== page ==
Given the fact that I could never really recoup for the time and trouble I am putting into this book (there's a reason most authors- even successful ones, have day jobs), I am consciously working towards two goals in promoting it.
First, is to wake people up to the power of mythology and how we actually live our lives by it. This is not just a question of tidy little parables as some may want to believe. This is about the fact that complex issues in our lives always seem to be boiled down into narratives. For instance, a huge number of Americans still believe that Saddam Hussein was behind 9/11. An even larger number believe that the stories of the Bible are literally true. When he ran for president in 2000, Al Gore was saddled with myths such as that he "invented the internet," a sarcastic distillation of his claims about his work as a Senator in popularizing usage of what had been a military program used mainly by academics.
A lot of comics fans still believe that Jerry Siegel and Joe Shuster were a couple of adolescent idiot savants who invented Superman by accident, neglecting the fact that both were published professionals and that Siegel had been seriously involved with fandom since he was in his early teens. When I was young, fans believed that Stan Lee created everything by himself, ignoring that Lee himself repeatedly cited the irreplaceable contributions of artists like Jack Kirby and Steve Ditko. By accepting myths at face value, we not only can develop dangerous beliefs, we also close our eyes to the mind-blowing improbablity of our existence on this planet and the spiderweb of synchronicity that makes our lives meaningful.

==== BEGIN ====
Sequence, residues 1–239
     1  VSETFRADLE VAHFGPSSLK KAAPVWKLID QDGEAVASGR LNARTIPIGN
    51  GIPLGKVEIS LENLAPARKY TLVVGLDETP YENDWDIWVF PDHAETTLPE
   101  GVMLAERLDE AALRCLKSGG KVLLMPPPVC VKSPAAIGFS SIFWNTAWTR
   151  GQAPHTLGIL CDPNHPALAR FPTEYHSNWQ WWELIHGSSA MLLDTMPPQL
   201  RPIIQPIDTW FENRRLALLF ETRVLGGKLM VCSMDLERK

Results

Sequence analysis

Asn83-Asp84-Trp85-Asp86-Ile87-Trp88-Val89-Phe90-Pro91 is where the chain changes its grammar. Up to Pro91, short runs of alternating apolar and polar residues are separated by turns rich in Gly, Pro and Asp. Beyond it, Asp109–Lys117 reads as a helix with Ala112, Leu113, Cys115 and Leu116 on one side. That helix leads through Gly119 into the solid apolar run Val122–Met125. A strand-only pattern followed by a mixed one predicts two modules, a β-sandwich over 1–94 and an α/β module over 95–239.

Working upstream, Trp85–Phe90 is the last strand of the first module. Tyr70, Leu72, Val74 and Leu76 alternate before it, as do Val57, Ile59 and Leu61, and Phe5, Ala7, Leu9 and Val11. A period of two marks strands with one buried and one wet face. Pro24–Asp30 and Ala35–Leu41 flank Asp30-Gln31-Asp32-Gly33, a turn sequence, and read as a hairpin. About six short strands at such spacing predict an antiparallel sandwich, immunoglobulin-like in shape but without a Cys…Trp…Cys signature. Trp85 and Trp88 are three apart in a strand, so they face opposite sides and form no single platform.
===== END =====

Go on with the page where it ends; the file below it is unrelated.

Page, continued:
So my second ambition follows from that truth. I hope that people who make comics or want to make them realize what a deep ocean of history lies beneath the tiny, leaky, little lifeboat that the current fan/creator consensus has become. These characters are nothing but a mask for much, much older archetypes. Comics should be the dream lab of our culture- the scope and thematic material of mainstream comics is potentially limitless and the creators and editors should realize how influential the medium has historically been and how necessary it is today. The medium must exist for reasons other than servicing trademarks.